Here’s another letter to the editor that probably wasn’t published. This was in response to George Will’s “Tall Order for a Few Federal Dollars”. It was published in February 2001. The only easily available copy I could find was from the Southeastern Missourian, 2001-02-03 at
The text of my letter, dated 2001-02-03 follows.
I am amazed how ideology leads a deep thinker like George Will to be as shallow as he is in “Tall Order for a Few Federal Dollars”.
At the beginning of his article, he talks about “failing schools” and how transfers to other public schools or vouchers to private schools would allow students to leave these failing schools. He goes on to list what factors lead to students’ success but he says that schools can only influence one of those factors and that additional resources won’t change any of these factors.
He also compares the “success” of private schools to the “failure” of public schools but with a superficial assumption that the student populations are identical.
He gives a measure of the skills of public school teachers without examining whether his measure is appropriate to what the teachers are doing. He also links that measure to a comparison of “cognition” of American students with that of students in other developed countries.
Furthermore, he uses that measure to show that class size won’t make any difference.
From his article and from a couple hours of newspaper and Web research, I see a different picture.
First, if students are allowed to leave “failing schools”, which students will leave? The “failing” students who are most in need of “better” teaching, or the successful students who have the advantage of the five factors of
- number of parents in home
- days absent from school
- hours spent watching television
- quantity and quality of reading matter in home
- amount of homework
If the successful students leave, won’t the failing schools fail even more? If the failing students leave, won’t they be taking their problems to other schools and lead those schools to “fail”?
Will ignores that additional resources can change four of the five factors, including the only one he says that the schools can control - amount of homework. If classes are smaller, then teachers can give and check more homework. Schools can influence absenteeism with truant officers and counselors, neither of which work for free. Schools can help reduce hours spent watching television by providing more after school activities; activities like sports, music, and theatre cost money in material and staff time. Schools can provide a quantity of quality reading matter, but books and librarians cost money. The only factor additional resources can’t change is the number of parents.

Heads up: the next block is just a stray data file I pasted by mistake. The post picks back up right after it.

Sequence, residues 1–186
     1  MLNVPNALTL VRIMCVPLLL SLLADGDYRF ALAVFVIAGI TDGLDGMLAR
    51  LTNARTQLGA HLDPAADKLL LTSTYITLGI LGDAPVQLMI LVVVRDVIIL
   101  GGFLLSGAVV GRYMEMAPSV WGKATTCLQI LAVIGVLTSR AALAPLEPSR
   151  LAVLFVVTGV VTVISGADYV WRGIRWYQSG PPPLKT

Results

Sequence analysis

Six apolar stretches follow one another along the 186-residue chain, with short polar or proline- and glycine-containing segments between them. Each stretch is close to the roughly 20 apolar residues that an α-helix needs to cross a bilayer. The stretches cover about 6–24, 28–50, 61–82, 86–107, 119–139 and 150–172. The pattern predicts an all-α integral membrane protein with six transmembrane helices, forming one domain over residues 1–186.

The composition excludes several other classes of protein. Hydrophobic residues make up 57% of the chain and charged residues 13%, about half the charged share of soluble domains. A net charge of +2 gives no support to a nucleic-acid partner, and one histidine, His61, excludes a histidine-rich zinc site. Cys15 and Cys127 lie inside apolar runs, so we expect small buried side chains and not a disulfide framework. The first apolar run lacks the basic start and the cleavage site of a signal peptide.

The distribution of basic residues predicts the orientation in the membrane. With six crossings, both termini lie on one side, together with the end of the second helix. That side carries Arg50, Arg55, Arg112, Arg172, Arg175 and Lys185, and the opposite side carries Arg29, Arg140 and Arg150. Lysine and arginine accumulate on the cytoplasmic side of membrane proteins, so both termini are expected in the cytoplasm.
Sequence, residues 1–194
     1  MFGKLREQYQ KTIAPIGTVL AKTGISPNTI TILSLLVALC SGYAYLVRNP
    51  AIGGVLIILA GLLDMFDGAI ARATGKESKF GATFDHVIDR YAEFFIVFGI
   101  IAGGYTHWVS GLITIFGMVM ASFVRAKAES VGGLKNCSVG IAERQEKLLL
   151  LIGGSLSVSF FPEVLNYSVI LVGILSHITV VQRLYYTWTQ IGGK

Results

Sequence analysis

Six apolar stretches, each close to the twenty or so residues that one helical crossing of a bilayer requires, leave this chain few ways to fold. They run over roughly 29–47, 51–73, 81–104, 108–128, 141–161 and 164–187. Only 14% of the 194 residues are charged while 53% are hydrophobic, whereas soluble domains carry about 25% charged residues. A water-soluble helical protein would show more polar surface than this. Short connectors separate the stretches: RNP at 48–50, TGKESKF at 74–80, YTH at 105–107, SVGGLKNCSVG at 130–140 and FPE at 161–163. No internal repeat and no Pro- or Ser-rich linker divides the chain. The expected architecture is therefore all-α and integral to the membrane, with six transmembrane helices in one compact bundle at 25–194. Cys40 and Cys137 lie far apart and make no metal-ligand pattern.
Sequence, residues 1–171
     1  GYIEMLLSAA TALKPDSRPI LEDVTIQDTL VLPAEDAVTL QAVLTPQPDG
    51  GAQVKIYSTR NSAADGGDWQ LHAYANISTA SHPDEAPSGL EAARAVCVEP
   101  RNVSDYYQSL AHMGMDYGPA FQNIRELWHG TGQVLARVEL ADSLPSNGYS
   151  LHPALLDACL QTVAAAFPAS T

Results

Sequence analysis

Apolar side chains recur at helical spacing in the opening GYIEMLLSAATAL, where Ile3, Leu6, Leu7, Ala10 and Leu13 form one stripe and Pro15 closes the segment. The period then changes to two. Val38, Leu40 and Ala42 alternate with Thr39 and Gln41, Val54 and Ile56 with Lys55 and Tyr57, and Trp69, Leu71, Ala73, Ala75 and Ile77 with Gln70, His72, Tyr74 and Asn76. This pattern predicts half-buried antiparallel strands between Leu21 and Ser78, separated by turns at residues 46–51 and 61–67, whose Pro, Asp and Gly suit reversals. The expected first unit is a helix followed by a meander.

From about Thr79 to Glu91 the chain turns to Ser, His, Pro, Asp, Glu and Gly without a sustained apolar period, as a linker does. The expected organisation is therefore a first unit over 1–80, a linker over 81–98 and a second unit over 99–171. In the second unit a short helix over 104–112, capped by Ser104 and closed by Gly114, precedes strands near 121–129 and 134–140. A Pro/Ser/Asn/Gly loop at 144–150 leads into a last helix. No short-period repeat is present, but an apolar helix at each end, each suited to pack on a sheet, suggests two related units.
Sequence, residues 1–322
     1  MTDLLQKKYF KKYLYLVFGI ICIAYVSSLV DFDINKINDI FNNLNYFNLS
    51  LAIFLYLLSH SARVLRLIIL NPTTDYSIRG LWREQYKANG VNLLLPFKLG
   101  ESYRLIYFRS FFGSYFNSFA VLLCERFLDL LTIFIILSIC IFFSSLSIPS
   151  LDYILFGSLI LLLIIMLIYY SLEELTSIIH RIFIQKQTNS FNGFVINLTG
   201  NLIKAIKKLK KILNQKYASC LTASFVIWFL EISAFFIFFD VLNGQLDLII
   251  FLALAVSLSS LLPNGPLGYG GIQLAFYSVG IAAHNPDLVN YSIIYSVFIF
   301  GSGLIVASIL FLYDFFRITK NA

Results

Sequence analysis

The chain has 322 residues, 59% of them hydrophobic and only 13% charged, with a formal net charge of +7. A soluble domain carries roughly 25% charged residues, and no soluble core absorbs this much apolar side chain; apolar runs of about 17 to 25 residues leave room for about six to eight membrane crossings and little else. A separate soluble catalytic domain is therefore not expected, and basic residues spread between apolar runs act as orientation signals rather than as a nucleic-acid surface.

Will writes that most failing schools serve inner-city children but inner-city Catholic schools “do better with fewer resources”. Are the public schools and the Catholic schools serving students with the same lack of success factors? Because some parents choose to send their children to Catholic schools, might more of the success factors be present in those families? Will doesn’t raise this question. Furthermore, the Catholic schools can select their students; the public schools have to take all students.
Will states that “38 percent of American teachers had college majors in academic subjects” and implies that majoring in education makes a teacher inadequately trained. However, most schools don’t get deeply into “academic subjects” until junior high. Many elementary teachers teach a wide range of subjects, especially in the lower grades. In 1997 there were about 1.2 million secondary public and private teachers and about 1.85 million elementary teachers. That means about 39% of the teachers were junior and high school teachers. That is rather close to the percent of teachers who had a major in an academic subject.
Will relates his perception that too few teachers had academic majors to how “American students’ cognition [compares] with students around the developed world”. Again, is he comparing similar groups of students? The Department of Education warns in Digest of Education Statistics 1999, Chapter 6 - International Comparisons of Education (http://nces.ed.gov/pubs2000/digest99/chapter6.html) “...international data users should be cautioned about the many problems of definition and reporting involved in the collection of data about the educational systems in the world.” Could it be that different kinds of students are being measured in different countries? For example, are the students being measured in some countries only those on an academic track as opposed to all students in the U.S.? If all students are being measured in those other countries, do they have the same mix of socio-economic classes as the U.S. does? More specifically, is there a large portion of students who lack some of the five significant success factors?
Finally, Will claims small class size “simply increases the attention each pupil gets from an inadequately trained teacher.” The Student Achievement Guarantee in Education program in Wisconsin has shown that smaller class sizes give better results (Duluth News-Tribune, Jan. 18, 2001). As one teacher put it, with larger classes “it's a lot of tying shoes”.
Follow up email to the Washington Post:
In today's Star Tribune I found a more factual rebuttal than mine to George Will's Feb. 1st column on education. It is about the ACE (A Commitment to Excellence) program in Minneapolis. [The link I had no longer works. The article was from 2001-02-04.] In short, it is about a program that targets at-risk black males to give them tutoring and counseling to help them succeed. The $500,000 program is sponsored by the University of Minnesota, Minneapolis Public Schools, and Hennepin County Children and Family Services.
You can find a link to the start of the article at http://www.highbeam.com/doc/1G1-69979742.html.